Though nitrogen, phosphorus, and potassium are most vital for healthy growth, calcium is also essential for building healthy “bones”—the cell walls of a plant. Composed of calcium carbonate, eggshells are an excellent way to introduce this mineral into the soil. To prep the eggshells, grind with a mixer, grinder, or mortar and pestle and till them into the soil. Because it takes several months for eggshells to break down and be absorbed by a plant’s roots, it is recommended that they be tilled into the soil in fall. More shells can be mixed into your soil in the spring.

By the same token, finely crushed shells mixed with other organic matter at the bottom of a hole will help newly planted plants thrive. (Tomatoes especially love calcium.) For an exciting recycled garden cocktail, try mixing your eggshells with coffee grounds, which are rich in nitrogen.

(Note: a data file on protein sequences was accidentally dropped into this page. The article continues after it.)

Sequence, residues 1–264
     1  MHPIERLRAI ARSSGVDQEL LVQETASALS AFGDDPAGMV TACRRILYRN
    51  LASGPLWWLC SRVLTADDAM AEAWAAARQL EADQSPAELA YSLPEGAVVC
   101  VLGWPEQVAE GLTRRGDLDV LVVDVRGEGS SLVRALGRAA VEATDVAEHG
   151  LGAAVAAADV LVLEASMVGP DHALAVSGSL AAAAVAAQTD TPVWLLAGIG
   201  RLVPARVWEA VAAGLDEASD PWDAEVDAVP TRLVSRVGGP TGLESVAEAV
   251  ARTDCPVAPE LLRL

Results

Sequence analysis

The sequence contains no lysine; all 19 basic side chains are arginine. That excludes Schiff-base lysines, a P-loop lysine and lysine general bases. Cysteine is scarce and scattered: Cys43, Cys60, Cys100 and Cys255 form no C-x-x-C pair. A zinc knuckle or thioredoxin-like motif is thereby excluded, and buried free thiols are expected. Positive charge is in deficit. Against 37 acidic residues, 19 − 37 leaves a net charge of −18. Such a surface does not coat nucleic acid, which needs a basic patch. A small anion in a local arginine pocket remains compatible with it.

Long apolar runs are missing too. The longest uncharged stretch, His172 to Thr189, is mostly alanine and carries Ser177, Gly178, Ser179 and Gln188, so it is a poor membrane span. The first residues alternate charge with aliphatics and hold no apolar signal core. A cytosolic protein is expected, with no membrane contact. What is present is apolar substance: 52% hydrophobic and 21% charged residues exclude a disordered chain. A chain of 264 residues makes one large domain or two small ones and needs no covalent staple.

Finally, eggshells will reduce the acidity of your soil and help to aerate it.

Tips for Eating & Harvesting Dandelions

Image may contain: flower, plant, outdoor and nature

It’s Dandelion Season! Looking for ways to use these healthy greens in your kitchen? Dandelion greens may not be the most popular greens out there but hopefully after this post you’re going to feel informed enough and comfortable enough to go out and give em a try!